About Melanie Klein

Melanie Klein, MA is a writer, speaker and Associate Faculty member at Santa Monica College, teaching Sociology and Women’s Studies. She attributes feminism and yoga as the two primary influences in her work. She is committed to communal collaboration, raising consciousness, media literacy, facilitating the healing of distorted body images and promoting healthy body relationships. She has worked with the new citizen journalists of the LA Academy of Global Girl Media and the peer-educators of J.A.D.E (Joint Advocates on Disordered Eating) on ways to tap into the power of their own voice. She is an expert contributor in the areas of media literacy and body image issues for Proud2Bme, a NEDA project. She is the adviser of the Santa Monica College Leadership Alliance and the founder and co-coordinator of WAM! Los Angeles. She founded FeministFatale.com and is a contributor at Adios Barbie, Intent.com, MindBodyGreen and Ms. Magazine’s blog. Her essay on yoga, body image and feminism appears in Curvy Voices and her extended chapter on the same topic is included in the anthology, 21st Century Yoga: Culture, Politics and Practice. She has been featured on HuffPostLive, KPFK’s Feminist Magazine and The Point on The Young Turks. She is featured in the forthcoming book, Conversations With Modern Yogis. Twitter: @feministfatale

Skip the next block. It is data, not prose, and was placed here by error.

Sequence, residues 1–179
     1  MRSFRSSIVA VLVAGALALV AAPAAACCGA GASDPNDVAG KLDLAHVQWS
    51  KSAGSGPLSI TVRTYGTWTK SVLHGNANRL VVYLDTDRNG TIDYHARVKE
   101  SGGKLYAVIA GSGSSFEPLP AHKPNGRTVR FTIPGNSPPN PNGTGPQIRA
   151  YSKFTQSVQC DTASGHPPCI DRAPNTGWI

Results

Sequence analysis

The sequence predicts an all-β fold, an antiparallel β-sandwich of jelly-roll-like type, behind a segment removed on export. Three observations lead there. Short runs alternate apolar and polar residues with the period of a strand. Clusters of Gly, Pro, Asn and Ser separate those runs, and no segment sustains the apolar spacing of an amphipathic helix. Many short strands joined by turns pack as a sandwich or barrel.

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24 Responses to “The Princess & the (Downward-Facing) Dog.”

  1. Thanks for sharing this, Melanie! I love the idea of considering ways to promote positive body image among children.

  2. Hilary Lindsay Hilary Lindsay says:

    Melanie,
    Good to remind folks that yoga is an accessible philosophy that can foster positive self images for children and teens as well as adults. This can happen even as they navigate a world that expects them to look or act a certain way. It's a balance. Good post.